Ask a food blogger or chef about the world’s best cities for dining out, and chances are that Medellin, Colombia, is at the top of their list. Over the past decade, the South American metropolis has developed an energetic food and drink culture in which the U.S. dollar goes a long way.
Stroll through the upscale El Poblado district, and you’ll see locals salsa dancing in open-air taquerias or sipping anise-flavored aguardiente (liquor) at rooftop bars that look out onto the Andes mountain range.
Medellin’s culinary scene has blossomed in recent years thanks to homegrown chefs such as Juan Manuel Barrientos, who earned two Michelin stars for his Miami and Washington D.C. outposts of Elcielo, his modern fine-dining eatery that began in Colombia. He has been praised by Michelin for “deeply personal cooking that utilizes the bounty of fish, grains and tropical produce,” as well as creating "an intimate space for serious culinary sorcery.”
And at Medellin restaurants like his, other chefs are pushing boundaries with molecular gastronomy while honoring their country’s Indigenous cuisine.
High-End Experimental Dining at Elcielo
Medellin’s Elcielo encompasses more than just a five-star restaurant; the building also houses a sleek design hotel, a rooftop pool and bar, a sandy patio and an underground event space with a wine cellar. In the evening, diners sit down for a long list of “experiences” with playful visuals — these small bites may include everything from traditional corn crisps topped with edible flowers, gold foil and a cheese emulsion from the town of Paipa to soursop champagne and crab empanadas.
Chef Barrientos — known as “Juanma” — loves to put an imaginative spin on native products, such as by molding yucca bread into what looks like a sacred tree of life. Between plates, Elcielo offers eye-opening sensory “moments,” such as washing one’s hands in warm chocolate and coffee grounds; guests are encouraged to play with the sweet liquid and lick it from their fingers.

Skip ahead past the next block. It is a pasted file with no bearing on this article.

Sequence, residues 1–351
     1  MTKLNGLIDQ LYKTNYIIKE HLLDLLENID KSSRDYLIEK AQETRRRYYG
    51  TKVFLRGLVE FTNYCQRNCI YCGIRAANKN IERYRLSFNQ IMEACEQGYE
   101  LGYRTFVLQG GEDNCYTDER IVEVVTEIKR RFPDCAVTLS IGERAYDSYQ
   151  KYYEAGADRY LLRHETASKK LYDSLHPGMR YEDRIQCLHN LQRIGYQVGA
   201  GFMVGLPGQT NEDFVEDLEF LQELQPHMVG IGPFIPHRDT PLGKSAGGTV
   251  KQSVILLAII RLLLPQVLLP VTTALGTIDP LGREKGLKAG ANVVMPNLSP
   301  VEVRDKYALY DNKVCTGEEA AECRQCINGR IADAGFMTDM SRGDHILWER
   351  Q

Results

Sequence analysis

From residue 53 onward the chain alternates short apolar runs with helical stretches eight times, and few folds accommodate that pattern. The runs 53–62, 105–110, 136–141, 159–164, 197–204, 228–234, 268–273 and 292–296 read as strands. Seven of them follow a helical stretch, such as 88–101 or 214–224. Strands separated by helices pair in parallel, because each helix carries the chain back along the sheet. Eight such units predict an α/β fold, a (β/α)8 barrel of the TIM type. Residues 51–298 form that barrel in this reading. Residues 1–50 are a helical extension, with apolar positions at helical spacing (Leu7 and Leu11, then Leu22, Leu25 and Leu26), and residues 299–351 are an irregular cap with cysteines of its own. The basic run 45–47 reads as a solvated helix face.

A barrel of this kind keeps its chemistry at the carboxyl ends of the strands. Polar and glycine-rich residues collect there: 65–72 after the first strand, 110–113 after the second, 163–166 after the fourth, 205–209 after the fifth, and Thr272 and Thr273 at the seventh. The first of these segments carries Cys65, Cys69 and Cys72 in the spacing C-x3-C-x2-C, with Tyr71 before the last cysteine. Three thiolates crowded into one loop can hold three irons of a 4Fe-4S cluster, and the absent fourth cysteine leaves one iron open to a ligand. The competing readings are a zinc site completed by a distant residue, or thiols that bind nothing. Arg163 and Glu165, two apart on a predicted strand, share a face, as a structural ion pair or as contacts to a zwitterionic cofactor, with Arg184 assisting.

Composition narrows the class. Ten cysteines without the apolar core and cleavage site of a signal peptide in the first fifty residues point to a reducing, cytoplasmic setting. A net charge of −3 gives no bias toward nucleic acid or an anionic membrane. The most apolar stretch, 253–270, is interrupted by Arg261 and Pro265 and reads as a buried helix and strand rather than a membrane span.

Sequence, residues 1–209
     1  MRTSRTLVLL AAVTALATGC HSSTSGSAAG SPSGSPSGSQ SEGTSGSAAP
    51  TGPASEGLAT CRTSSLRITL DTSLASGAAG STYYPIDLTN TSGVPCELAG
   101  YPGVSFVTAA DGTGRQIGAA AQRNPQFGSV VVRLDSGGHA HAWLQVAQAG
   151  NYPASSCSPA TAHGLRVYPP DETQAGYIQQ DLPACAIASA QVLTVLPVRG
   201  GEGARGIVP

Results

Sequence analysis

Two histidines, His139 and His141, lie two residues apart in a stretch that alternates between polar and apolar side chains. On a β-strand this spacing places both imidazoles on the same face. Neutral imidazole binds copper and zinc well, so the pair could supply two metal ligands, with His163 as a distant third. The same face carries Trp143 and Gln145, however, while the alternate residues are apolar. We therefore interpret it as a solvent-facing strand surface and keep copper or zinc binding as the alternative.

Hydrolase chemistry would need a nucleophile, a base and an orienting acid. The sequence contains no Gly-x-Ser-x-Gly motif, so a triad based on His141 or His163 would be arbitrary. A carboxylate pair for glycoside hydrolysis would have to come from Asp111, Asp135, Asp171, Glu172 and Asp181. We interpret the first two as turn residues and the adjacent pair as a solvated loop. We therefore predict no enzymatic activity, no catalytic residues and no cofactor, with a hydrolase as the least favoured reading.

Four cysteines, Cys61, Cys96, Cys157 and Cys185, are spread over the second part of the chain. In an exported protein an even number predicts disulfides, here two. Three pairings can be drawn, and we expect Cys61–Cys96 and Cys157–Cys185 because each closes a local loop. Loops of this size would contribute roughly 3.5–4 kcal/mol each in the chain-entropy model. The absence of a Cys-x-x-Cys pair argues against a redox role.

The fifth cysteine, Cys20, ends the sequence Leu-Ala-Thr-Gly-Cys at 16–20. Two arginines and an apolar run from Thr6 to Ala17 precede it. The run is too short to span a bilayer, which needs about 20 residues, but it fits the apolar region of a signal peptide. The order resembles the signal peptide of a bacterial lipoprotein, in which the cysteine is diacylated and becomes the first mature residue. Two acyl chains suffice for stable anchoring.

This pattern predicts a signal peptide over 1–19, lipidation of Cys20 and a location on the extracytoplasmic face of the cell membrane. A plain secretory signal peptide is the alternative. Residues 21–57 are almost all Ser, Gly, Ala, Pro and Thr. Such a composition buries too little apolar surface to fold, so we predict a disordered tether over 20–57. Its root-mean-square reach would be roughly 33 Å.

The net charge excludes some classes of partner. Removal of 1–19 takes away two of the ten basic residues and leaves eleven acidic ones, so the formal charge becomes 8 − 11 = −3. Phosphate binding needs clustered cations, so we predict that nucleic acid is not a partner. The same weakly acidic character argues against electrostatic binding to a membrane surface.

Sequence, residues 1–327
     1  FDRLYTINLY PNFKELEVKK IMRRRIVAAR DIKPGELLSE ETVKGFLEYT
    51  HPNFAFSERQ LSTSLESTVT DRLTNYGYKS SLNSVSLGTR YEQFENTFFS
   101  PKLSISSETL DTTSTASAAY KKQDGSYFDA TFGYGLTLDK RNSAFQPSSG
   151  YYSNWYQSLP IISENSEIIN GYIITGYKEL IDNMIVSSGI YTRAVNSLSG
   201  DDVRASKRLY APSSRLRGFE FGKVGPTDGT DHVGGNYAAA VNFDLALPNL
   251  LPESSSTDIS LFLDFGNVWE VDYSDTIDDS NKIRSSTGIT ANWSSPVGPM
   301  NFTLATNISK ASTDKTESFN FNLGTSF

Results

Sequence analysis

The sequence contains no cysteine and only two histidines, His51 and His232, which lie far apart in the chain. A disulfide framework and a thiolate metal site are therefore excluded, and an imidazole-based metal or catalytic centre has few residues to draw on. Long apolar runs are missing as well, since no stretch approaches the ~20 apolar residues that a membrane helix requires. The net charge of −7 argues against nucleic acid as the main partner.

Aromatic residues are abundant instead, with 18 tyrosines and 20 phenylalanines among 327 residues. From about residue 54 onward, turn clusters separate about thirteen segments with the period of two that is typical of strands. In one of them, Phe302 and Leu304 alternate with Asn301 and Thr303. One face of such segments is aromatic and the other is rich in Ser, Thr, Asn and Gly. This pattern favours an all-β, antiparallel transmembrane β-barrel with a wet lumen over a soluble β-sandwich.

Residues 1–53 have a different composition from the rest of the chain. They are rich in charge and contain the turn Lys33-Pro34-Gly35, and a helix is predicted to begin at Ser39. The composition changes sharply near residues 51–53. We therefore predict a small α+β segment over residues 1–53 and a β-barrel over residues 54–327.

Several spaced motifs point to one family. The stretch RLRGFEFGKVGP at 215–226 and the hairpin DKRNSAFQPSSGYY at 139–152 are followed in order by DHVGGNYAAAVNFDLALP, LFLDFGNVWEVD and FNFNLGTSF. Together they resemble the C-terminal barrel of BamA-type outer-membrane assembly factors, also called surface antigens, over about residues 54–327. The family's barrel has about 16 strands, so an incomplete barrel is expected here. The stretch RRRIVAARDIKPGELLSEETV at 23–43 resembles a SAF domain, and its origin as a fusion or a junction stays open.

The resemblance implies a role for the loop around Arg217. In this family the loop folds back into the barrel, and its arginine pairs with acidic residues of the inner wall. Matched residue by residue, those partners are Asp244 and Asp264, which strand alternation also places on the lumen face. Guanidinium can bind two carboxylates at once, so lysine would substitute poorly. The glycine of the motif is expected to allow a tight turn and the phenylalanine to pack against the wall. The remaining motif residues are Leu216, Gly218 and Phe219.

Exceptional Vegan Creations at Kai
Part of the Elcielo Hospitality Group, Kai is run by Juanma’s sister Sara Barrientos. Plant-based for decades, she puts her personal experience into inventive dishes that transcend standard vegan fare. The extensive menu even includes comfort foods such as burgers and nuggets (in forms ranging from jackfruit and lentils to mushrooms and black beans), which are so well-executed that meat-eaters are known to come back for more.
Try the pesto spaghetti with creamy cashew cheese and roasted vegetables — a mouthwateringly nuanced combination. And don’t miss out on the adjoining bakery that sells soft cookies, oat-milk ice cream and other vegan desserts.
Colombian Avocado at Agua Fresca Taqueria y Mezcaleria
Avocado lovers will be pleased to learn that the fruit is plentiful and delectable in Medellin. Colombia’s climate permits many varieties to grow year-round, including the native Lorena aguacate (avocado), which has a large, round silhouette and a smooth green peel. Many Medellin restaurants will let you order a side dish of avocado, scooped fresh and sprinkled with salt.
At Tulum-inspired Agua Fresca Taqueria y Mezcaleria, Lorena avocados are mashed into guacamole and topped with local microgreens, then served in a stone mortar with tortilla chips and a plethora of house-made sauces. The modern Mexican restaurant also serves fresh-milled corn tostadas and tacos piled with generous portions of creamy avocado.
Viche at Siete Pulgadas
Look for an unmarked door and listen for a DJ spinning electronica — it means you’ve arrived at Siete Pulgadas. Much of the tiny “listening bar" is taken up by an impressive sound system and stacks of rare vinyl records, which draw in a late-night hipster crowd. Siete Pulgadas is known for its craft cocktails made from viche, an Afro-Colombian liquor distilled from sugarcane. For hundreds of years, viche was illegal, as it was home-brewed and used for medicinal and ceremonial purposes. Since September 2021, this ancestral “moonshine” is allowed to be commercially produced and is used in cocktails such as viche sours with egg-white foam.
Small-Batch Coffee in Medellin Cafes
Colombia is famous for its coffee, which is the country’s third-largest export and has a distinct citrus, chocolate and nut flavor. Trek to Hacienda Santa Isabel farm in Fredonia, about a 1.5-hour drive from Medellin, to see how coffee is produced at high altitudes with the help of donkeys. Back in the city, sip on a cup of Arabica at La Fabrica, a roastery and co-working space that supports farmers who left the drug trade to grow coffee. Also, don't miss Pergamino, which has multiple locations and carries exclusive Colombian beans that you can get freshly ground and sealed to take home.